Briefly stated, the disclosed technology is generally directed to cryptographic functions for smart contracts. In one example of the technology, a first sub-contract between at least a first counterparty and a second counterparty is initialized based on communications from a first beacon node of a plurality of beacon nodes that is associated with the first counterparty and a second beacon node of the plurality of beacon nodes that is associated with the second counterparty. In some examples, initializing the first sub-contract includes seeding an asset on a first ledger based on the first sub-contract. In some examples, one or more additional sub-contracts are initialized based on communications from the plurality of beacon nodes such that the first sub-contract and the one or more additional sub-contracts together form an enterprise smart contract, and such that each sub-contract of the enterprise smart contract interrelates to at least one other sub-contract of the enterprise smart contract. In some examples, execution of logic for the enterprise smart contract is controlled. In some examples, information associated with the execution of the logic for the enterprise contract is stored on the first ledger.

Smart contracts typically occur in a specialized independent network that is associated with a particular type of transaction, such as a specialized banking network, a specialized insurance network, or the like. A beacon network may be used to unify such separate, specialized networks. A beacon network may include beacon nodes in which each beacon node is associated with a particular party. In some examples, a beacon node is capable of communicating with multiple different networks concurrently. These networks may include, for example, one or more dark networks. In this way, a beacon node can be connected to a specialized network as well as the dark network so that sub-contracts can be formed with parties on separate specialized networks.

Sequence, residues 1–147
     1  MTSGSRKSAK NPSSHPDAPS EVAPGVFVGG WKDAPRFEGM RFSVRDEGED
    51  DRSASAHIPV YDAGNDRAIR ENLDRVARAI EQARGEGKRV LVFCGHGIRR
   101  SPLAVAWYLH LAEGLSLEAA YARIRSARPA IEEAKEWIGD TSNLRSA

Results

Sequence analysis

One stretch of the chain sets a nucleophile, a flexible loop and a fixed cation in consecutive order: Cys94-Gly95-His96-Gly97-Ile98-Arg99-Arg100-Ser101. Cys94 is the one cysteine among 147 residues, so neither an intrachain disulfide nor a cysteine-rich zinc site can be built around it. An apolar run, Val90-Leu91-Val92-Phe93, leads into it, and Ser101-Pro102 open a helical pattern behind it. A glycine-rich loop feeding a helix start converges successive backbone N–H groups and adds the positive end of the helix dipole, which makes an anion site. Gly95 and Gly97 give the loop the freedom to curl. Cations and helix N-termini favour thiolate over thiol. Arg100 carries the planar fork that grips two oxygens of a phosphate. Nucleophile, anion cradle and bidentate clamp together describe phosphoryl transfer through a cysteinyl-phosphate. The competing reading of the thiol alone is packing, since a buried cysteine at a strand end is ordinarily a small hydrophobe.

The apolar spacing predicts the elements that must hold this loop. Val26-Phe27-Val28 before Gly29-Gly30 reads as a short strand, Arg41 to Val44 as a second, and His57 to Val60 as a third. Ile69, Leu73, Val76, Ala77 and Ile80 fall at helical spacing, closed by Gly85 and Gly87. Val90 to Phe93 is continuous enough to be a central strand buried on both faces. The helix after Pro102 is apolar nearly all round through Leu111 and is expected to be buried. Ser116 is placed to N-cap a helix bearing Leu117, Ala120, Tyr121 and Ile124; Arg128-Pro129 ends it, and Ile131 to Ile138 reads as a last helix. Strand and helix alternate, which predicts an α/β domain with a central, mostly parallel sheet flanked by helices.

Beacon nodes may be used by a party to make bids and offers. Through such bids and offers, a smart sub-contract may be initialized. The smart sub-contract may include entries on a ledger in the dark network, as well as contract logic that is executed in the dark network. One or more additional sub-contracts may result from an initial sub-contract. For example, a party may wish credit from a bank in order to fulfill an order, may wish to insure good associated with the order, and/or the like, and may make a bid accordingly. These bids may be advertised via the beacon nodes, and other parties may make offers on an advertised bid via beacon nodes, possibly resulting in additional sub-contracts. In some examples, all the sub-contracts relating to the initial sub-contract together form an enterprise smart contract.

In some examples, the logic for the enterprise smart contract is performed in the dark network, and a centralized ledger is used to store data associated with the enterprise smart contract. In some examples, the centralized ledger is used to define the enterprise smart contract, control versioning, and provide an immutable record of the enterprise smart contract for durability and distributed trust. In some examples, the beacon nodes automatically sign digital entries to the ledger. In some examples, the sub-contracts in the enterprise smart contract are interrelated, and an event associated with one sub-contract can trigger an event on another sub-contract in the same enterprise smart contract.

Illustrative Devices/Operating Environments

FIG. 1 is a diagram of environment 100 in which aspects of the technology may be practiced. As shown, environment 100 includes computing devices 110, as well as network nodes 120, connected via network 130. Even though particular components of environment 100 are shown in FIG. 1, in other examples, environment 100 can also include additional and/or different components. For example, in certain examples, the environment 100 can also include network storage devices, maintenance managers, and/or other suitable components (not shown). Computing devices 110 shown in FIG. 1 may be in various locations, including on premise, in the cloud, or the like. For example, computer devices 110 may be on the client side, on the server side, or the like.